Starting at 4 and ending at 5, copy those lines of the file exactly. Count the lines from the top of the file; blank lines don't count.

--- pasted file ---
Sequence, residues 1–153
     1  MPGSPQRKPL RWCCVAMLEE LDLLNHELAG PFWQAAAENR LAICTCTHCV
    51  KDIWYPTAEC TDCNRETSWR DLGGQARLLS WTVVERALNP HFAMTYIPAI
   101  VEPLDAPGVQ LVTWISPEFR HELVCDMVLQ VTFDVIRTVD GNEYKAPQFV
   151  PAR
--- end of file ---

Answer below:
   101  VEPLDAPGVQ LVTWISPEFR HELVCDMVLQ VTFDVIRTVD GNEYKAPQFV
   151  PAR